E.P.C. must be more transparent on the proposed Alaoa Multi Purpose Dam Project

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Fiu Mata’ese Elisara

Executive Director/O.L.S.S.I.


Together with six other non-government organizations (NGOs), Ole Siosiomaga Society (OLSSI) was invited on 25 July 2018 by the Manager of the proposed EPC Alaoa Multi Purpose Dam Project to a related meeting with representatives of a few government Ministries and institutions, project consultants, ADB officials, and EPC staff. 

Unfortunately only OLSSI turned up perhaps due to the late one-day advice and lack of supporting documents shared in the invitation to assist us prepare well and better align to the proposed project discussions. 

Whilst OLSSI registered its objection on timing and lack of information we nevertheless tried to make the most of the opportunity quickly reading through the ‘overview summary’ and 73 pages of final inception report sent later on request the morning of the same day of the afternoon meeting. 

I was genuinely interested to attend and rescheduled prior engagements. After all, this was the first time I knew there was such a government and EPC Alaoa Multi Purpose Dam Project. Every time I see the word ‘hydro dam’ something runs up my spine and I feel uncomfortable! Scared in fact! Especially for the people living around the proposed site area. So despite the process and timing problems with the invitation, I went because I was interested from a stakeholder civil society and local community perspective.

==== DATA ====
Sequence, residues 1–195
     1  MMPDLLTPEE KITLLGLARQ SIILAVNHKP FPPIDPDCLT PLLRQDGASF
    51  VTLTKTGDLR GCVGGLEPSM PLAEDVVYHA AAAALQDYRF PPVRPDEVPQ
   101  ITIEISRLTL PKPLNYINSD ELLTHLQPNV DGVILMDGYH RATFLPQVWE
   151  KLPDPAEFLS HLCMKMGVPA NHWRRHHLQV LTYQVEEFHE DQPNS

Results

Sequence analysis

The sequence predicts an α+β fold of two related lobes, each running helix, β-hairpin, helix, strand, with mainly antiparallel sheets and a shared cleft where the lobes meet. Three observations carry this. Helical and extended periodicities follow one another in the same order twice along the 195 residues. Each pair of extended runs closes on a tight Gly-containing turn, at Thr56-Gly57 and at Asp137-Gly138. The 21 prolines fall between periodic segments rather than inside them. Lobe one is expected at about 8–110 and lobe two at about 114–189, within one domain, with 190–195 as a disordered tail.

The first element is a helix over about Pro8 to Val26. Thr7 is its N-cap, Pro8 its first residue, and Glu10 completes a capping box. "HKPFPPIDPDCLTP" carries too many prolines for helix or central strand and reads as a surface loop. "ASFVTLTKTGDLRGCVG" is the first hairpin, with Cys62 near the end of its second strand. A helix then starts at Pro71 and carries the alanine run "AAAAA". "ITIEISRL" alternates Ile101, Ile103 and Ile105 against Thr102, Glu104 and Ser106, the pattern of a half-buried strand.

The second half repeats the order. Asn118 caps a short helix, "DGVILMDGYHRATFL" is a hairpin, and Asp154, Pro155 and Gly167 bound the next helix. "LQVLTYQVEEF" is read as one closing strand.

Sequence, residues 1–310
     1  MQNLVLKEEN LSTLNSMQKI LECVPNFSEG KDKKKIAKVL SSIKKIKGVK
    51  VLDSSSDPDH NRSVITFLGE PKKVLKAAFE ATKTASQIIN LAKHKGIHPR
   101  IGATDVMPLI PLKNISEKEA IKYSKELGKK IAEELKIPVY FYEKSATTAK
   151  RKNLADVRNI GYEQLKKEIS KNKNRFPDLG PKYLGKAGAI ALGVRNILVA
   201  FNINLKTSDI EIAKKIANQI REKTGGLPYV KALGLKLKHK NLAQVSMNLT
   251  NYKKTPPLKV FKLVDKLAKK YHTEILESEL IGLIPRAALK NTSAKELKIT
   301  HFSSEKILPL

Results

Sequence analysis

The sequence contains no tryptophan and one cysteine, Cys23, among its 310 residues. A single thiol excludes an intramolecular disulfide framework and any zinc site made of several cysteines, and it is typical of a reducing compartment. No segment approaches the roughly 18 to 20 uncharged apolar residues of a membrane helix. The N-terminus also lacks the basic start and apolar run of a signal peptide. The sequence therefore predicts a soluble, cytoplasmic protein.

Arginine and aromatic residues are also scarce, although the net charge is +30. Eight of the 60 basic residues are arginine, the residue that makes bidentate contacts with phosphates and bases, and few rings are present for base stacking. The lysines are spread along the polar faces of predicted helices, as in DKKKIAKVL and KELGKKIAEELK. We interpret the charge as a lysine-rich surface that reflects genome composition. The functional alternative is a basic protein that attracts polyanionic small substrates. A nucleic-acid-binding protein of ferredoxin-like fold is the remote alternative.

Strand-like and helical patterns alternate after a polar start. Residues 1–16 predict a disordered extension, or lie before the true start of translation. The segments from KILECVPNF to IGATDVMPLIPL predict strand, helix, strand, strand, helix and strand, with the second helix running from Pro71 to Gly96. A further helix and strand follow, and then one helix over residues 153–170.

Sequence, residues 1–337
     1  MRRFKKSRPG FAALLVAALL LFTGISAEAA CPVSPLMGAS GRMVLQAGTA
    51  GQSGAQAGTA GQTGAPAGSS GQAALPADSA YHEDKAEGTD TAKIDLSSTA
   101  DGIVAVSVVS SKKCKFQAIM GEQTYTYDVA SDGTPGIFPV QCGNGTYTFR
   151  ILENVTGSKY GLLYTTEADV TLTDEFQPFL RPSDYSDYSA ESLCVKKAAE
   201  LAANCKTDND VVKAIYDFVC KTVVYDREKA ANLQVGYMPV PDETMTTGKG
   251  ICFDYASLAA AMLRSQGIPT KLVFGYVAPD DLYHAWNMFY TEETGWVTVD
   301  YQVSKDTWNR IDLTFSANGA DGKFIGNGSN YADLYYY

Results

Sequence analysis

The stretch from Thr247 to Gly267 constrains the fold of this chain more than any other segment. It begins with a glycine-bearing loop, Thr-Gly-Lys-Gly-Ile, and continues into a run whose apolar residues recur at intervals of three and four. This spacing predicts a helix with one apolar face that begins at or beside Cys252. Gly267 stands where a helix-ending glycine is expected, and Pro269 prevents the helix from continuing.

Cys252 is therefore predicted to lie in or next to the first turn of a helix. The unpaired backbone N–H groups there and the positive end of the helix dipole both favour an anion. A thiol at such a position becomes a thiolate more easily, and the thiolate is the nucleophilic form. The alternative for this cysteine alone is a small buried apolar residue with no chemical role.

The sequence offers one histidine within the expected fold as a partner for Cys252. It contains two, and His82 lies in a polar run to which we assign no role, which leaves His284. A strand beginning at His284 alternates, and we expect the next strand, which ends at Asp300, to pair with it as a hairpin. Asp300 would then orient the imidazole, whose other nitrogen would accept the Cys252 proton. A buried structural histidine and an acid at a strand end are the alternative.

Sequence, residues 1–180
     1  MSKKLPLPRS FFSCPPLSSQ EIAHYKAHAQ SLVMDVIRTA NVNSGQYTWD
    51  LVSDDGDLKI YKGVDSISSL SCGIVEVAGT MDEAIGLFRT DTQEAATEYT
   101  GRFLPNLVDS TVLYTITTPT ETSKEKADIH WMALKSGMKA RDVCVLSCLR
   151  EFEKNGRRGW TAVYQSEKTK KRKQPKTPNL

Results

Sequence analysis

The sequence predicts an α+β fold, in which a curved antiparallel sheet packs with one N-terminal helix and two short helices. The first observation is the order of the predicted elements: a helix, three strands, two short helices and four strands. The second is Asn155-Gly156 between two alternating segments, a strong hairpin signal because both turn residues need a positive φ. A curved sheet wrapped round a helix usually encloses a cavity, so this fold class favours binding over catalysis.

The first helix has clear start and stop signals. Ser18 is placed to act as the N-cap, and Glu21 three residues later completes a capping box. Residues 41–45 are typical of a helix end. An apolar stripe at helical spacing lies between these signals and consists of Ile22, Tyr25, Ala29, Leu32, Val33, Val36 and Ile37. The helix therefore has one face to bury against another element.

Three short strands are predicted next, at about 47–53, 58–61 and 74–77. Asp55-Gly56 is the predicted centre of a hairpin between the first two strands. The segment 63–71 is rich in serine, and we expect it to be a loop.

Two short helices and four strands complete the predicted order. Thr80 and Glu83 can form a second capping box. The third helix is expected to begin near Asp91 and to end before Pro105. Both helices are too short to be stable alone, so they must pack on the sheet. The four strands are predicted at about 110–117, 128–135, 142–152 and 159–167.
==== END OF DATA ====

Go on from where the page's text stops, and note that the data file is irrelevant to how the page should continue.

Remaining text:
A dam proposed to be sited inland from some eight village communities downstream the Vaisigano River with close proximity to the urban Apia metropolitan, business center, and commercial focus of Samoa makes it even more concerning to say the least. So I needed to know and wanted to contribute.  

The EPC invitation stated that EPC is undergoing Environmental Impact Assessment (EIA) Study for building this multipurpose dam in Alaoa for 3 purposes. 

1. to stop or minimize impacts of major floods like the 2012 flood during Cyclone Evan that caused a lot of damages in Vaisigano River; 

2. provide all season storage for water supply to Apia; and 

3. for power generation from a new hydro to be built in Alaoa.

As part of its stakeholder engagement responsibilities, EPC invited NGOs to meet and discuss with the consultants and ADB the carrying out of the EIA study and safeguard issues related to the project.